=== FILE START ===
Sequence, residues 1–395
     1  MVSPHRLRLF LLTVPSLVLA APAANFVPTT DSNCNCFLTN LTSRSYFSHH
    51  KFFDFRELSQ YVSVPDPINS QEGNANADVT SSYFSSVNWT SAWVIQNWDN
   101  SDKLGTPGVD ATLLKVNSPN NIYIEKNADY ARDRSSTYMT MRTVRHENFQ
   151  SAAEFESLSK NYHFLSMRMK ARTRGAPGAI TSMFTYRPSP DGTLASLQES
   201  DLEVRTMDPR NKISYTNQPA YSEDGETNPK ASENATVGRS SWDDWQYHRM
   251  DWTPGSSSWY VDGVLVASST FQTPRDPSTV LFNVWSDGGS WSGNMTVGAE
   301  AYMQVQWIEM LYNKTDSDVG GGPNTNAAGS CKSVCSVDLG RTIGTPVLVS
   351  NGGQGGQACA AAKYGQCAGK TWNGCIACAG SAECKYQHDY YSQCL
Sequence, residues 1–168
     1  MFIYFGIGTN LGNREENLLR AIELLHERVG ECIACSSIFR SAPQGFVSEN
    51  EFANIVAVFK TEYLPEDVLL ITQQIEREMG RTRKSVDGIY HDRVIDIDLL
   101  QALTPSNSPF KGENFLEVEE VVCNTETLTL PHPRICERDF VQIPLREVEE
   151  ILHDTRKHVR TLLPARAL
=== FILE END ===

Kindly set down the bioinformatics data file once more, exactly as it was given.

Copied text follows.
Sequence, residues 1–395
     1  MVSPHRLRLF LLTVPSLVLA APAANFVPTT DSNCNCFLTN LTSRSYFSHH
    51  KFFDFRELSQ YVSVPDPINS QEGNANADVT SSYFSSVNWT SAWVIQNWDN
   101  SDKLGTPGVD ATLLKVNSPN NIYIEKNADY ARDRSSTYMT MRTVRHENFQ
   151  SAAEFESLSK NYHFLSMRMK ARTRGAPGAI TSMFTYRPSP DGTLASLQES
   201  DLEVRTMDPR NKISYTNQPA YSEDGETNPK ASENATVGRS SWDDWQYHRM
   251  DWTPGSSSWY VDGVLVASST FQTPRDPSTV LFNVWSDGGS WSGNMTVGAE
   301  AYMQVQWIEM LYNKTDSDVG GGPNTNAAGS CKSVCSVDLG RTIGTPVLVS
   351  NGGQGGQACA AAKYGQCAGK TWNGCIACAG SAECKYQHDY YSQCL
Sequence, residues 1–168
     1  MFIYFGIGTN LGNREENLLR AIELLHERVG ECIACSSIFR SAPQGFVSEN
    51  EFANIVAVFK TEYLPEDVLL ITQQIEREMG RTRKSVDGIY HDRVIDIDLL
   101  QALTPSNSPF KGENFLEVEE VVCNTETLTL PHPRICERDF VQIPLREVEE
   151  ILHDTRKHVR TLLPARAL